Rather than being lowered onto the counter, under-mounted models are raised into place from below. Faucets are installed in the counter or mounted on the wall. Under-mounted sinks provide a sleek look and easier cleanup. Because they sit slightly below the surface of the counter, you can wipe water from the countertop directly into the sink. Also, there's no lip or crevice to catch dirt. But under-mounted sinks are more expensive to buy and install. The faucet may need to be installed in the counter or mounted on the wall. Because they're lower than top-mounts, they may require you to bend slightly more. And they shouldn't be mounted on a countertop that isn't waterproof, such as laminate or most woods.
These above-mount models, the latest style option, rest proudly atop the counter. You'll find them in glass, stainless steel, and other materials. Make sure that the faucet extends well over the sink to avoid drips onto the counter. The style is the big attraction. But vessel sinks may require new faucets and other changes that are likely to add cost.
What a kitchen or bathroom sink is made of is the main factor that determines how well it stands up to everyday use. Some materials are sturdier than others, but most have some drawbacks. Here are materials to consider:
Enamel Over Cast Iron or Steel
These materials come in many colors are are easy to clean. In our tests of kitchen sinks, neither enameled cast iron nor enameled steel suffered any damage in our hot-pot and scouring tests. But when we dropped a 5-pound weight, similar to dropping a heavy pot, on enameled-steel sinks they chipped or cracked. Enameled cast iron chipped when we dropped a sharp, light object similar to a knife.
Our tests of bathroom sinks found that enameled cast iron wasn't as good as enameled steel at resisting stains and chipped when small objects were dropped on it. Damaged enamel can allow the metal underneath to rust.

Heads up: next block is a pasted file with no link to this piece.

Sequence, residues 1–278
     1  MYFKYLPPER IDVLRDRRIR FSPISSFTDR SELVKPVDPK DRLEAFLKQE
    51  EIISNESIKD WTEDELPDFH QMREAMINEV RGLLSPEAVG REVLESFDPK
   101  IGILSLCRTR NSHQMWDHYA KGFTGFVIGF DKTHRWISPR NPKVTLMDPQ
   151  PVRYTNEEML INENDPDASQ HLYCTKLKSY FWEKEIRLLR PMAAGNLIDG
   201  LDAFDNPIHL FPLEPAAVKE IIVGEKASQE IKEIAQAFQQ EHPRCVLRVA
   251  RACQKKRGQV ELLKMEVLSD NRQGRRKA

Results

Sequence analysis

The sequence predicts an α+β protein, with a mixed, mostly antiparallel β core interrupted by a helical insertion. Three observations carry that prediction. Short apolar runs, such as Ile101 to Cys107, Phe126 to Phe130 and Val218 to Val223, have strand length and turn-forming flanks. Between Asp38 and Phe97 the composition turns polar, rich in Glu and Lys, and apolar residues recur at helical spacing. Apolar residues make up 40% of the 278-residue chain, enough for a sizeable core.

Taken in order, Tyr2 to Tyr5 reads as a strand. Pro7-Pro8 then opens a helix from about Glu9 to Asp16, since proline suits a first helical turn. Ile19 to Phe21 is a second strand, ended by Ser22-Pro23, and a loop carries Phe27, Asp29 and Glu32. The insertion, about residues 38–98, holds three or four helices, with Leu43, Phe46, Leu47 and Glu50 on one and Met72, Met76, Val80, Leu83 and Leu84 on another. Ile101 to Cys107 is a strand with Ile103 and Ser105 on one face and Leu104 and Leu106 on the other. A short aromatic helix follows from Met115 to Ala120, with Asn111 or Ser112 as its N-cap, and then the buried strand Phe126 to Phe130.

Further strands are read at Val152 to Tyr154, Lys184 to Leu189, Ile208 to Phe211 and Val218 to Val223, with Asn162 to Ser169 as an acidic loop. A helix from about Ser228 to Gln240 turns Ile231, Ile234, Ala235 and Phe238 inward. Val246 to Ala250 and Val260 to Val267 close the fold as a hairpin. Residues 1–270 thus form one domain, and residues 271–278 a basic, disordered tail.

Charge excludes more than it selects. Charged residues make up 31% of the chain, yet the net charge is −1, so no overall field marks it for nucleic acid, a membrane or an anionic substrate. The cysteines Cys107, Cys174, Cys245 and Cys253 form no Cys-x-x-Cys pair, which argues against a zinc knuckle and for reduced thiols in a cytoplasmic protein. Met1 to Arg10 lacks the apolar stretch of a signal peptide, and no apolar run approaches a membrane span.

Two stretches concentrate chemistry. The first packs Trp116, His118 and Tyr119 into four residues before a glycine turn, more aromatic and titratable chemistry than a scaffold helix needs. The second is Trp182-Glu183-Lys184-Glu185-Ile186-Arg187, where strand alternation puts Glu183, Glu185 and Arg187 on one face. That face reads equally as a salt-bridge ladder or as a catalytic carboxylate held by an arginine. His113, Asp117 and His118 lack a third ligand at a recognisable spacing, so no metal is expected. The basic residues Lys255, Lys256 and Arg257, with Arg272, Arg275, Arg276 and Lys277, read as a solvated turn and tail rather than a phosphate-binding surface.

This is the most popular material for kitchen sinks and it's becoming more popular in the bathroom. It tops both our ratings of kitchen and bath sinks. Stainless steel comes in different thickness, or gauges. While thicker metal typically costs more, gauge made little difference in our tests.
A skillful fabricator can integrate a solid-surface kitchen or bathroom sink with a countertop made of the same material for a sleek, seamless effect. But if either is damaged you'll have to consider replacing both. Solid surfacing resisted stains but heat was a problem. A hot pot and a hot curling iron marred the sinks.
It may look like enamel, but it scratches more easily, and a hot pot melted the surface and a hot curling iron left a visible mark.
Believe it or not, a tempered glass bathroom sink can take a beating. Drain cleaner, nail-polish remover, and other tough staining agents didn't leave a mark on the glass sinks we tested. But the sinks shattered into small shards when we dropped a pointed 2.5-ounce dart from a height of 20 inches, similar to what could happen if a pair of scissors or nail clippers fell out of your medicine cabinet.
This is a fancy name for old-fashioned porcelain. Vitreous china is still popular for bathroom sinks, even though some newer materials are tougher without being more expensive. Dropped objects are a particular problem with vitreous china. The surface chipped when we dropped a small, pointed dart on them.
This material offers a choice of colors. It withstood stains, scouring, and heat in both our kitchen and bath sink tests. But resisting chips and cracks from dropped objects was a challenge.
In our kitchen-sink tests, the fireclay cracked severely when we dropped a 5-pound weight on it, similar to dropping a pot. Our tests of bathroom sinks found that pointed darts, weighing only 2.5 ounces, chipped the fireclay.
You can spend as much or as little as you want on a sink. But keep in mind that the more you spend on the sink, the less you'll have for other parts of your renovation. Match the style of sink to your space, needs, and budget!
Copyright © 2006-2012 Consumers Union of U.S., Inc.